York St John joins fight against essay cheats

Published: 27/09/2018

University vice chancellor backs national campaign for a legal ban on essay mills.

Essay mills bombard students with adverts encouraging them to cheat.

Professor Karen Stanton has joined dozens of university vice chancellors and heads of higher education institutions who are calling on the Government to take stronger action against essay mills and other forms of contract cheating. 

There are well over 100 essay mills currently in operation. They advertise online, on social media, near campuses and even on the London Underground, bombarding students with messages encouraging them to cheat. Prices can range from a couple of hundred pounds for a single essay to over £6,000 for a PhD dissertation.

In a letter sent to the Education Secretary today, vice-chancellors from across the sector and representing many of the UK’s largest and most successful universities, as well as the chief executives of major sector bodies, are calling for a legal ban on the basis that “essay mills undermine the integrity of UK Higher Education and are unfair to the vast majority of honest, hard-working students.”

 They are calling for the Government to:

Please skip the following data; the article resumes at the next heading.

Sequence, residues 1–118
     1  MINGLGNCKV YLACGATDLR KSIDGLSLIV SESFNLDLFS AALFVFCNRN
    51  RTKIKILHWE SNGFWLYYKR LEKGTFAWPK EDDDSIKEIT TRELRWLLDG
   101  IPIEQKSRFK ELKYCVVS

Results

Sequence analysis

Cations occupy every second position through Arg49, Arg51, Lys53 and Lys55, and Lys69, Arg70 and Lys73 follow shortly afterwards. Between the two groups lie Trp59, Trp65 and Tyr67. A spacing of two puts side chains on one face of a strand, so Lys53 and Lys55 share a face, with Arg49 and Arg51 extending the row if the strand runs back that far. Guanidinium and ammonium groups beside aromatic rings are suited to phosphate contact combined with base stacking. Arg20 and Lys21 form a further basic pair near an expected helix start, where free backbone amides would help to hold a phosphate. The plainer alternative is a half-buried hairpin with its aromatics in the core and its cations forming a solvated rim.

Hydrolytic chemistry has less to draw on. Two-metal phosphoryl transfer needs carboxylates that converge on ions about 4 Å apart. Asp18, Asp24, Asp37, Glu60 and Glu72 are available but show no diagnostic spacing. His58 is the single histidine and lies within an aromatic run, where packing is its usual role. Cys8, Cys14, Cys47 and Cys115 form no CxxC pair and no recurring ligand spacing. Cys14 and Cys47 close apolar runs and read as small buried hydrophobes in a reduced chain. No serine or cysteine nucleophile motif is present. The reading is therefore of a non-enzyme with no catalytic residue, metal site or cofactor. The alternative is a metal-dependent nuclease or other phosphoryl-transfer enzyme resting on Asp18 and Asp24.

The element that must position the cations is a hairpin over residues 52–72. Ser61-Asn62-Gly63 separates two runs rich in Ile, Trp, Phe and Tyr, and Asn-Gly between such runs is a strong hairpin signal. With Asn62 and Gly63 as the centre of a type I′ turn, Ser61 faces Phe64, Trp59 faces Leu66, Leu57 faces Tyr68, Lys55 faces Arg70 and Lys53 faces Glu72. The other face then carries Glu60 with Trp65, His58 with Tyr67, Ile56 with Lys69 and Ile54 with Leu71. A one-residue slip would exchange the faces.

• Commit to introducing legislation to ban the provision and advertising of essay mills before the end of this Parliament.
  • Commission the Quality Assurance Agency (QAA), the higher education standards body, to develop and publish a draft Bill by or before the beginning of the next Parliamentary Session, building on their existing work with academic and legal experts.
  • Support efforts by the QAA and Office for Students to tackle this issue, including through the QAA’s proposal for a UK Centre for Academic Integrity, with a formal remit to research, analyse and combat academic misconduct. 

Recent research shows the growing problem of companies offering students assignments-to-order. Unlike traditional plagiarism, essay mills provide students with bespoke, original pieces of work which cannot easy be detected by anti-plagiarism software such as TurnItIn. New research by Newton and Draper shows that 15.7% of students admitted to cheating since 2014.

The Office for Students has issued a response to the essay mills letter.

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